Humayun had links to a network led by Siraj Haqqani, intelligence officials said after the Serena attack that killed eight people.
Afghan officials say Haqqani is based in Pakistan’s tribal region of North Waziristan.
The US military has a $200,000 bounty out on him. His network is associated with Taliban and is also believed to have links to al-Qaeda members.
It is part of a myriad of groups supporting Afghanistan’s former hardline Islamist regime and bent on toppling Karzai’s Western-backed government.
“There (is) very, very strong evidence suggesting that Pakistan’s soil once again has been used to inflict pain on our nation”
Amrullah Saleh, Afghan intelligence chief
Amrullah Saleh, the intelligence chief, said those killed in the raid on Wednesday – and three other gunmen who tried to assassinate Karzai on Sunday – were all in contact with fighters inside Pakistan’s tribal regions, including in North Waziristan.
“We have no evidence whether … the operation has had any mercy or go-ahead from the government of Pakistan and (its) special agencies,” Saleh said on Wednesday.
“There (is) very, very strong evidence suggesting that Pakistan’s soil once again has been used to inflict pain on our nation.”
Although not directly implicating Pakistan’s government, Saleh’s comments will irk Islamabad and could dampen recently improved relations between the two countries.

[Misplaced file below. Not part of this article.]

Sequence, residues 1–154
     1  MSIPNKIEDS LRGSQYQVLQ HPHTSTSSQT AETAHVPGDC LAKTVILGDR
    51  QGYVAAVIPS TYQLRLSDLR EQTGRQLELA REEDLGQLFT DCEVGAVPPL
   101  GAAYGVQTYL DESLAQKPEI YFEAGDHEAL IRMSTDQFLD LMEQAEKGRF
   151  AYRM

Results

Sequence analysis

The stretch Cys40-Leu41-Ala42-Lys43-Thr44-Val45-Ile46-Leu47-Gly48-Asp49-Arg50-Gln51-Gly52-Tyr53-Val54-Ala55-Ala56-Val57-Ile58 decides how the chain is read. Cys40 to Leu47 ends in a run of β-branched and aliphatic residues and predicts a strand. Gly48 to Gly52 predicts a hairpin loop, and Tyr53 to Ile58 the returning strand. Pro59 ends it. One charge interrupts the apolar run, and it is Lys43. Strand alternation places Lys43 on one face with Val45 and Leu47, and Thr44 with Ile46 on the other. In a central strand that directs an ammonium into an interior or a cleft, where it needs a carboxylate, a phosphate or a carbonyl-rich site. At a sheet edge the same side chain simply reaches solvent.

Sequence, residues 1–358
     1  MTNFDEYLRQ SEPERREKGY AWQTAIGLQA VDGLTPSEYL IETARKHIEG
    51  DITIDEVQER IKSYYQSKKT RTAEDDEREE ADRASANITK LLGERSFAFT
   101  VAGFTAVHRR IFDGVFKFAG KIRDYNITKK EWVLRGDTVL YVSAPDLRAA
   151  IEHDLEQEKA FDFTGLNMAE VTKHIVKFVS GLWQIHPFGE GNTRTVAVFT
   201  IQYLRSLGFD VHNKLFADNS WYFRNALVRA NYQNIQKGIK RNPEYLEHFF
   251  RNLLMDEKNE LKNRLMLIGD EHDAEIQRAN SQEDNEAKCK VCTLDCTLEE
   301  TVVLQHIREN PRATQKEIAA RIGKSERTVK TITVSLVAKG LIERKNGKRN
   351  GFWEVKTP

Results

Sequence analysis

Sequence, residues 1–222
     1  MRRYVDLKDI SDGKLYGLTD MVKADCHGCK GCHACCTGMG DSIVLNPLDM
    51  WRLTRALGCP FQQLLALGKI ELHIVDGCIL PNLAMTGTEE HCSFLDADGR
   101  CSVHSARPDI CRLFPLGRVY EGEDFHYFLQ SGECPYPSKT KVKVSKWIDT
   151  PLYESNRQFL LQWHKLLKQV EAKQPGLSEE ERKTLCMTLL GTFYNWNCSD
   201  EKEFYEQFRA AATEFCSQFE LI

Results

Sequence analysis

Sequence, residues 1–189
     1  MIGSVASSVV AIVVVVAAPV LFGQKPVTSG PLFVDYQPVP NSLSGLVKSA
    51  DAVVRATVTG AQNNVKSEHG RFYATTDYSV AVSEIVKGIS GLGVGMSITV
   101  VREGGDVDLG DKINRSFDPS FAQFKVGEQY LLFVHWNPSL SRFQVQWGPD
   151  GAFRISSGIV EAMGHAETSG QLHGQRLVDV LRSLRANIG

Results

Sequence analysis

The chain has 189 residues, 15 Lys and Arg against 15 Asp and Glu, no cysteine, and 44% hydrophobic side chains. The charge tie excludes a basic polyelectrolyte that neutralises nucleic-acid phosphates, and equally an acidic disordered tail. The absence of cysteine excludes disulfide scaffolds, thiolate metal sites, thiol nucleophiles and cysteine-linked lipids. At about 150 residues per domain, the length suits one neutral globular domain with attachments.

Relations are often strained over allegations that Pakistan helps the Taliban and other groups.
Major General Athar Abbas, a Pakistani army spokesman, called the allegation “baseless”.
“Anybody can say that militants (in the tribal areas) have done this or that,” Abbas said. “How can one validate such claims?”
The Taliban, ousted from power by the 2001 US-led invasion, has claimed responsibility for the attempt on Karzai.
Afghan legislators passed a vote of no-confidence on Tuesday against the country’s three top security officials, including Saleh. They had revealed they were aware of the assassination plot against Karzai but failed to stop it.
The officials, however, retained their jobs.